Discovering the moving history of Cambodia in Siem Reap

Posted on May 27, 2013


DSCN0420Cambodia affected me in a way that I didn’t expect. Before I got there I did a little reading up, and it’s (recent history) is both scary and sad. It is estimated that 20-25% of the population died during the four-year Khymer Rouge rule in the late seventies. The full background explains a lot about the Cambodian population, particularly the sadness in so many older eyes and absolute kindness towards others. Over the three days I was there got through the book First they killed my father, a biography by Loung Ung, who is now in America. It’s an incredibly moving story and reading it in the shade of the Angkor Watt temples gave me goosebumps.
A little heavy to start a post, but so utterly important and it stuns me that so few people know about these atrocities in such a beautiful country.
DSCN0518If you are going to Siem Reap it’s likely to see one of the wonders of the world, Angkor Wat. I can only compare this to the temples on the Nile, but with a jungle experience. Allow at least two full days, if not three to get around. There are a few options for getting around but when I was there it was far too hot to cycle so I hired a Tuktuk. Reliable, easy and cheap at $13/day (rates are fixed). Get a guy that has a beige jacket with a number, showing he is a licensed driver.
I decided not to do sunrise at the temple so I beat the crowds and highly recommend doing the same. The first two temples I visited at 6am I had all to myself: Ta Prohm (which is known for Tomb Raider, and Banteay Kdei. Angkor Wat is amazing, absolutely stunning and almost incomprehensible. But there are a ton of tourists there which for me took away from the awesomeness of the building. I paid for a guide, $12, just for Angkor Wat and was pleased I did. A guide all day may provide a bit too much information to take in on an already long day (I was out 10-12 hours each day).
DSCN0443There are two well-known loops, the small tour (as above), taking you to the main sites within the grounds, and the big tour which includes the pretty Banteay Srey 40kms out-of-town. Again I got up early to miss the crowds but was 100% worth it. A Tuktuk for the big tour is $24 for the day. I asked my driver to stop at the Landmine museum which was recommended in Lonely Planet. It sounds a strange thing to do and I expected just to spend 20mins, giving a few dollar entrance for a good cause. I stayed two hours. It is effectively a few buildings showing what one man has done to help the still current issues of clearing landmines (they estimate that there are still a few million in Cambodia). As a child soldier he fought for the Khymer Rouge and laid mines, not fully understanding what was happening. As he got older he wanted to help the damage done and has been clearing them ever since. That’s just the tip of the iceberg but really, if you have time, stop and make a donation or bring some things for the orphanage there.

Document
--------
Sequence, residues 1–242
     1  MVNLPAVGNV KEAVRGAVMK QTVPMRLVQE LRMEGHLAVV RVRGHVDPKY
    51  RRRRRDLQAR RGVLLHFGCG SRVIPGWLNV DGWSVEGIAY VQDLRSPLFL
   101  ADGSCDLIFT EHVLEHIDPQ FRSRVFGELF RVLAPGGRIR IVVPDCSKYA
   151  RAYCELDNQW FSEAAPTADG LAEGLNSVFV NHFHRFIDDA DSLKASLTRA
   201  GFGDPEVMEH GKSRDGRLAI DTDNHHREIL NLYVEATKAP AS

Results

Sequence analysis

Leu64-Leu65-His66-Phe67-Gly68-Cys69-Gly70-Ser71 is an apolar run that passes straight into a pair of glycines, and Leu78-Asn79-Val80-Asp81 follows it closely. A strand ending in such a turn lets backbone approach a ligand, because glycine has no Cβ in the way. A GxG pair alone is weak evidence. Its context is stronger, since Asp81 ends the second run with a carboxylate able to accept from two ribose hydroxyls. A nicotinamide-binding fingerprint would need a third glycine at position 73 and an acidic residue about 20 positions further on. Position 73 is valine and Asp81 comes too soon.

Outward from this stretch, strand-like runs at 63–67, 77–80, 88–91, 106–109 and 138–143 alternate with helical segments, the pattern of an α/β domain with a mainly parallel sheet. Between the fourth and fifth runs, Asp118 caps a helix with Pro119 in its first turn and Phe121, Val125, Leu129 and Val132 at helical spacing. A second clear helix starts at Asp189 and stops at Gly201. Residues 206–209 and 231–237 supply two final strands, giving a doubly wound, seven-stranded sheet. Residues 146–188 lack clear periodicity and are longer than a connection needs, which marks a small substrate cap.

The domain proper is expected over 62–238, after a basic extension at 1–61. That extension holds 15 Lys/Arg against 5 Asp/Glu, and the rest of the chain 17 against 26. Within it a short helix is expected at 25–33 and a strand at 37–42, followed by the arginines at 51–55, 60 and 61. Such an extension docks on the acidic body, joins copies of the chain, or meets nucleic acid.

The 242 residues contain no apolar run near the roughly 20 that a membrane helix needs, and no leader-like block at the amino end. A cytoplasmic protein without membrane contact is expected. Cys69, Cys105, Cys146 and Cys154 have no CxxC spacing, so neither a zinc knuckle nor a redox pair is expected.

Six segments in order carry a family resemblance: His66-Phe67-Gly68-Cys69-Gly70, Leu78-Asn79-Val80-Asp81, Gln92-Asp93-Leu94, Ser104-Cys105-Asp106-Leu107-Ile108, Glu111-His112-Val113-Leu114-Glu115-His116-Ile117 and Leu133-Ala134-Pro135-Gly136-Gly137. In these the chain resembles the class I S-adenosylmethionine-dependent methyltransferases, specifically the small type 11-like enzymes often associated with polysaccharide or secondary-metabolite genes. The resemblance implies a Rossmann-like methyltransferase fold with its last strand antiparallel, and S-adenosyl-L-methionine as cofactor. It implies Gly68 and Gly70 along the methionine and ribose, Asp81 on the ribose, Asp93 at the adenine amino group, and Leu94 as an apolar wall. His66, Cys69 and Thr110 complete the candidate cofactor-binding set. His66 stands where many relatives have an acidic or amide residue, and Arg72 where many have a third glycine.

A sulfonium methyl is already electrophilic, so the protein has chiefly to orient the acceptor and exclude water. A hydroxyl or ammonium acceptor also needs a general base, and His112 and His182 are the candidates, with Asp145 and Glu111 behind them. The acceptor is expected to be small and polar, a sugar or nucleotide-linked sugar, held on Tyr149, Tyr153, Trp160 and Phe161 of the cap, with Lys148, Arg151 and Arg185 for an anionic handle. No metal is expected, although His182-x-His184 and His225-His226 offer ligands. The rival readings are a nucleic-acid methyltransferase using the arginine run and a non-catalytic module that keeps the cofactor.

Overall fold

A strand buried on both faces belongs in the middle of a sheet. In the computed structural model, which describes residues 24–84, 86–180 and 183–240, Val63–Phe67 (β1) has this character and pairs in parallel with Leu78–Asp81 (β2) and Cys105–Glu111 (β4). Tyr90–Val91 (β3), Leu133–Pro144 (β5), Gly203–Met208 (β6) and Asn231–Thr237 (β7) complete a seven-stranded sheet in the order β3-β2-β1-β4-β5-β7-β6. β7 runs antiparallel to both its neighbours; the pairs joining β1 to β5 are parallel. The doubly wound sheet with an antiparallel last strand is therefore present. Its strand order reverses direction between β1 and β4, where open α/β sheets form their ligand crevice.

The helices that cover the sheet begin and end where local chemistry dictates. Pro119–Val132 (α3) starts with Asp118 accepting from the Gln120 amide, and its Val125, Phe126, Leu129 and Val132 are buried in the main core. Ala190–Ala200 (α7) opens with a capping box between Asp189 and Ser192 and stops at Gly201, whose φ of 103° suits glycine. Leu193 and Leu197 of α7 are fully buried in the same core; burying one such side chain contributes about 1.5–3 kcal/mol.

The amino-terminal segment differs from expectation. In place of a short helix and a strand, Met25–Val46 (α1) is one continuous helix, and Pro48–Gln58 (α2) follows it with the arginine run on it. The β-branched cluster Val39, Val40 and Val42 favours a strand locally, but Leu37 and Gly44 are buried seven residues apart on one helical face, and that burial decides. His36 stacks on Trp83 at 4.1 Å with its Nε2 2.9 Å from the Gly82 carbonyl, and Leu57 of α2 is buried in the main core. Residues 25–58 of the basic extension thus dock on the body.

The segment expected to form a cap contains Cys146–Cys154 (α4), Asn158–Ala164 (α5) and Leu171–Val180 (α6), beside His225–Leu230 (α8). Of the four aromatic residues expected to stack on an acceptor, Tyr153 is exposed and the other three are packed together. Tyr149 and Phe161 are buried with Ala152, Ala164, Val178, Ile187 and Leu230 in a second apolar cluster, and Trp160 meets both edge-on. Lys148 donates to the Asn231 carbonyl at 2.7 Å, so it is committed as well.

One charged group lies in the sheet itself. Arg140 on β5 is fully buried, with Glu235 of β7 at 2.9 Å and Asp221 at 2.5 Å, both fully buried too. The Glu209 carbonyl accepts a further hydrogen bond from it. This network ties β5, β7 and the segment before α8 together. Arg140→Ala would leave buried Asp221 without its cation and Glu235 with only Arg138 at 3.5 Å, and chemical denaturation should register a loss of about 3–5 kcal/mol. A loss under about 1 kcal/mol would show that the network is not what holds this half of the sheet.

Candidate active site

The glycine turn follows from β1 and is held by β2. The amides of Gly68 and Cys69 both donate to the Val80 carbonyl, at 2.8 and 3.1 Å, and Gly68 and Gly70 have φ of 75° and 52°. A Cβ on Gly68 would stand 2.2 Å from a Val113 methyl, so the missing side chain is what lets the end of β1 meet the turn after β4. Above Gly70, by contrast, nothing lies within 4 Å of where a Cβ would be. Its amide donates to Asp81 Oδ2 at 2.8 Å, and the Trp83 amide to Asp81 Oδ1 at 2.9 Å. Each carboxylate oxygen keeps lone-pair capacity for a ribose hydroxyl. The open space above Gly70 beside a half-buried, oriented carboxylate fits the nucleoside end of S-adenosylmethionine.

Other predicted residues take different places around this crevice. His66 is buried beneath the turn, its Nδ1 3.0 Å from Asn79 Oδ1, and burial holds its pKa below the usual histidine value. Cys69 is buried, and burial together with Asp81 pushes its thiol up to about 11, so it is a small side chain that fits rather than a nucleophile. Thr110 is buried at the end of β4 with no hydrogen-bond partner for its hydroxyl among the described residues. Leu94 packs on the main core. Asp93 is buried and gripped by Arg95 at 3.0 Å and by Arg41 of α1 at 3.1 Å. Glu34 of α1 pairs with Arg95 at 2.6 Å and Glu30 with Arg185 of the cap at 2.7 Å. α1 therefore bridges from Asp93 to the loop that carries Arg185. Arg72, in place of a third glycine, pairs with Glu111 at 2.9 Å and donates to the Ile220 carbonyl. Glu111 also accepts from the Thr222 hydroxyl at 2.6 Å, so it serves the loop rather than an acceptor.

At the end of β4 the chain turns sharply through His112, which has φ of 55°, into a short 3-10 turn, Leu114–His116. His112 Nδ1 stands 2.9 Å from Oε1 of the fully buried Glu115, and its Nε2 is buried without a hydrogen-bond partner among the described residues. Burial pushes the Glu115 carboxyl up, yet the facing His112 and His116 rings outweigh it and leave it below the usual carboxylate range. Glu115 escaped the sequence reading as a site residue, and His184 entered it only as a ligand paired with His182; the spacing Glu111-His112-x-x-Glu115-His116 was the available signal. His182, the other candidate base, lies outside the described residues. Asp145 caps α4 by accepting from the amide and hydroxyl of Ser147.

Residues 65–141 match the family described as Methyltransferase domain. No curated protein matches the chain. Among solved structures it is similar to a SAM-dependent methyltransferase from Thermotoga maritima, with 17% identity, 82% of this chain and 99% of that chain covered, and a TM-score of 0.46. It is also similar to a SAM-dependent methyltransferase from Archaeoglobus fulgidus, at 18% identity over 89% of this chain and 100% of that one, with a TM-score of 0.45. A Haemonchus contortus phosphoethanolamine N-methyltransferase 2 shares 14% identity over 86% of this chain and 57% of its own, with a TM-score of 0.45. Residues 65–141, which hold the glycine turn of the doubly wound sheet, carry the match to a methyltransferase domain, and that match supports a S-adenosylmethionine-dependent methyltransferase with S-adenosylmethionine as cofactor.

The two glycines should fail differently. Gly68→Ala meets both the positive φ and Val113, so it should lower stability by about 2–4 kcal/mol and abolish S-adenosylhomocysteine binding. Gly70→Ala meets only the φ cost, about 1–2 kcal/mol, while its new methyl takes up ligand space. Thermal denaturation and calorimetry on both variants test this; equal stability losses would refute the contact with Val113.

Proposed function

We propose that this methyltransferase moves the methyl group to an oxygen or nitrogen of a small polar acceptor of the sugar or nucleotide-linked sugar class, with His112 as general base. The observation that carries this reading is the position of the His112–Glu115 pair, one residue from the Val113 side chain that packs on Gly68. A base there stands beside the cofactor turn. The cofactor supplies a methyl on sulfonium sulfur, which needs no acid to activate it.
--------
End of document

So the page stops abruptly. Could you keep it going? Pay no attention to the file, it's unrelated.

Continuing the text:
On your day tours you can get everything you need including water and food stops, even within the temple complex. Try bamboo rice, it’s a sweetish snack.
DSCN0604If you like horse riding also check out the Happy Ranch. expensive by Cambodia standards but horses are beautifully kept and I thought the 3hr sunrise ride was well worth it – riding through paddy fields to a temple…just beautiful!
I stayed at Mother Hone guest house which was around $20/night and just loved it. Every time you walk in the front door they give you a cold lemongrass scented towel…divine!
Posted in: Asia